Source: The Atlantic
Narrative is one of mankind’s sharpest tools. Doug Passon, a defense attorney-turned-filmmaker, knows this better than most.
In the courtroom, he harnesses the power of storytelling to create sentencing mitigation videos. They are emotionally rousing documentaries designed to appeal to a judge’s sense of empathy and humanize Passon’s clients.
These biographical short films have one express purpose: to motivate the judge to deliver a reduced prison sentence.
Lance Oppenheim’s short documentary, “No Jail Time: The Movie,” profiles Passon and his controversial practice in all its variegated shades of gray. In the process, the film offers a meta-analysis of objectivity in the realm of narrative nonfiction.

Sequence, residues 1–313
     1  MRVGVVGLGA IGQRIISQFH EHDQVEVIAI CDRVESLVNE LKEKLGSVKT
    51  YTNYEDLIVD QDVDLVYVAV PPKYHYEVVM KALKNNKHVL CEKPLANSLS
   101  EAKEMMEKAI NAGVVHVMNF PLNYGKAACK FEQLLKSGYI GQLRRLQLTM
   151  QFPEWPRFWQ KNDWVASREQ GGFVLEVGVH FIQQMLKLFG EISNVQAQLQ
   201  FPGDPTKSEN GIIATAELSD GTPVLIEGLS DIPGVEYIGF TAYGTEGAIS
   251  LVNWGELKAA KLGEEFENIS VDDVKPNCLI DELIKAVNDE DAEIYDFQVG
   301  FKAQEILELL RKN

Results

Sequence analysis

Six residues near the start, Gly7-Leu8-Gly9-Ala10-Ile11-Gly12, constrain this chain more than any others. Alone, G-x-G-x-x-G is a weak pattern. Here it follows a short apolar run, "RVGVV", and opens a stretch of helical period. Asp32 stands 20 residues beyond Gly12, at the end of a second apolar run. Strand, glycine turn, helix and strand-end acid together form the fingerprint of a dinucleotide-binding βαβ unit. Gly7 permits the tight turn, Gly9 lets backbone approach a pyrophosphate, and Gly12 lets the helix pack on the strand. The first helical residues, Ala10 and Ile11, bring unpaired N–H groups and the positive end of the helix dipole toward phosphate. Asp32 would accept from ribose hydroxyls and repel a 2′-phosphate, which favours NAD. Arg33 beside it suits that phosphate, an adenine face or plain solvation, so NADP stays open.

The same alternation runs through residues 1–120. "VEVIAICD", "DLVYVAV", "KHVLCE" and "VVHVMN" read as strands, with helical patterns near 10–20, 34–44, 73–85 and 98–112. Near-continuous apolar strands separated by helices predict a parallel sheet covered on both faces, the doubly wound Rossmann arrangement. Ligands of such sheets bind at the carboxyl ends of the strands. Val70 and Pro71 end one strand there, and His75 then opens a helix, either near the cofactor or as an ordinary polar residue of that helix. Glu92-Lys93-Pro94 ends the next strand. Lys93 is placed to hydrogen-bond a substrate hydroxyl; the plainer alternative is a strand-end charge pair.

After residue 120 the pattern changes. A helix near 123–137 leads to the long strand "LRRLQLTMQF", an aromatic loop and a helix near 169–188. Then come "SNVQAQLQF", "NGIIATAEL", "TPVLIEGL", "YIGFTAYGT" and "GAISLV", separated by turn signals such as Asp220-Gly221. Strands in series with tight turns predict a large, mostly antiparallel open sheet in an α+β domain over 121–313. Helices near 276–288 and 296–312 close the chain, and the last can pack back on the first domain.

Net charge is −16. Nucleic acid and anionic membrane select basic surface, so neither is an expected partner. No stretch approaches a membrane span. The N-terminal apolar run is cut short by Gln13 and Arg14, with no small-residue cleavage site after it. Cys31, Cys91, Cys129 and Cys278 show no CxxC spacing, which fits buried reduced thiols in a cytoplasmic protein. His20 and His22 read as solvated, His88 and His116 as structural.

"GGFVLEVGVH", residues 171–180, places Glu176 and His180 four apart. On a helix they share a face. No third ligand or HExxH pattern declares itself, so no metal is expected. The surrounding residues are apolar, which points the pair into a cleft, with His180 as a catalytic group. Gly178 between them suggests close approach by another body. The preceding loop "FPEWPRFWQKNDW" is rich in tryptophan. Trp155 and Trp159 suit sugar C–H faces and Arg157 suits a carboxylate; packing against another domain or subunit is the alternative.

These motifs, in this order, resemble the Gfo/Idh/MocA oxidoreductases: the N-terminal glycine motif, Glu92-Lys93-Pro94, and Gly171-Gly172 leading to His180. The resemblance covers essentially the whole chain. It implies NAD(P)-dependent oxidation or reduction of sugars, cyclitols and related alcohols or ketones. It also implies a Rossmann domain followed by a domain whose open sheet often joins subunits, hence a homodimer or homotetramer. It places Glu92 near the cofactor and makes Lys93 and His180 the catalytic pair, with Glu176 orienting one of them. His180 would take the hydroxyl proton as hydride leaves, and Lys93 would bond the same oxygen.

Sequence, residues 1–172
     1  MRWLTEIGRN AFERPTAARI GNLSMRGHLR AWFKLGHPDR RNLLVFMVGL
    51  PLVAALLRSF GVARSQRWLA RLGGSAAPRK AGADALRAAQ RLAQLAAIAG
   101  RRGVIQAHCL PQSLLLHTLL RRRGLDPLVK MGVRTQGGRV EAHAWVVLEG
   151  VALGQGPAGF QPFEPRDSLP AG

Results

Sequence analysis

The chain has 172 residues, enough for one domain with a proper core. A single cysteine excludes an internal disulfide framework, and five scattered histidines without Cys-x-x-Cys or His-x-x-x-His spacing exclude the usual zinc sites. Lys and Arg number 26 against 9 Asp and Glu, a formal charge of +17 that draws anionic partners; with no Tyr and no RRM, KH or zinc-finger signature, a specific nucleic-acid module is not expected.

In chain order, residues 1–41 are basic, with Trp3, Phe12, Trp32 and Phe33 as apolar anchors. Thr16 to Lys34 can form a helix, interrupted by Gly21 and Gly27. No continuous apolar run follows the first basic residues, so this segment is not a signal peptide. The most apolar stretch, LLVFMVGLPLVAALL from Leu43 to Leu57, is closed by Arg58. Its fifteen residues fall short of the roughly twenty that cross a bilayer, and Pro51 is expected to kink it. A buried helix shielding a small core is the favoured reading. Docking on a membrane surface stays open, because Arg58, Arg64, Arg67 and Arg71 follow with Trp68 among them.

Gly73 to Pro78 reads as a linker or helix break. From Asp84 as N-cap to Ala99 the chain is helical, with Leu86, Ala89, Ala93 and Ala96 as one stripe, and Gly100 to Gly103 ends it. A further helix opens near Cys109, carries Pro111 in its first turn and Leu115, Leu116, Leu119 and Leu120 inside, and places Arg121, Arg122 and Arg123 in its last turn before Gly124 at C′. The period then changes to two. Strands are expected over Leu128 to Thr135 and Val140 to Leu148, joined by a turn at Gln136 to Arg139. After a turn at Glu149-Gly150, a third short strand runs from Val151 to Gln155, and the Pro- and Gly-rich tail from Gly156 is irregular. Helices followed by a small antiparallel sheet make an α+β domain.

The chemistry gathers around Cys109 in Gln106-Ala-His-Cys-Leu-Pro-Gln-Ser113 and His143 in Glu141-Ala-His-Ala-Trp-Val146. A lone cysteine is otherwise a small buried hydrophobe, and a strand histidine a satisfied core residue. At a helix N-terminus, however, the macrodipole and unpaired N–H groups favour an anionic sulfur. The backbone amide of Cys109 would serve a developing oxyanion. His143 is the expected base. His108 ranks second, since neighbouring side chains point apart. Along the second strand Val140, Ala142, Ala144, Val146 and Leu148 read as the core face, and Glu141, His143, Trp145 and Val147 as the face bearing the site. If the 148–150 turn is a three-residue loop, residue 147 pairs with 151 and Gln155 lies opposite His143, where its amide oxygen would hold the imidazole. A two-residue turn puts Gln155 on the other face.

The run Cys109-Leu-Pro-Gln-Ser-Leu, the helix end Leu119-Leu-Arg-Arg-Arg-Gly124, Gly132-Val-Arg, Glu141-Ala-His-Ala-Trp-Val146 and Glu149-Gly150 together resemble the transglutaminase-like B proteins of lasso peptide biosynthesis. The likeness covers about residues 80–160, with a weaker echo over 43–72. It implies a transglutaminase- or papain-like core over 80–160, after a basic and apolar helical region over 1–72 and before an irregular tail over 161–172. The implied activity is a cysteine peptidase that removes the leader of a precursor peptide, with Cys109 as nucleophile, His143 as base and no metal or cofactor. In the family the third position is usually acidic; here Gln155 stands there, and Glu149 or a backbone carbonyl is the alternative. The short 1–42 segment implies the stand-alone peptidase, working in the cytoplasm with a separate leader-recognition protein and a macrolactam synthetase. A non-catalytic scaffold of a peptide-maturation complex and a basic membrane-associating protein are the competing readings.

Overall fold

“Passon treats sentencing videos in an artful manner nearly indistinguishable from narrative-driven, fictional films,” Oppenheim recently told The Atlantic.
According to Oppenheim, defense attorneys and sentencing video makers are increasingly drawing inspiration from true-crime entertainment, such as “The Jinx” and “The Thin Blue Line,” to bend the rules of reality in the courtroom with visual storytelling.
Read the story at The Atlantic.
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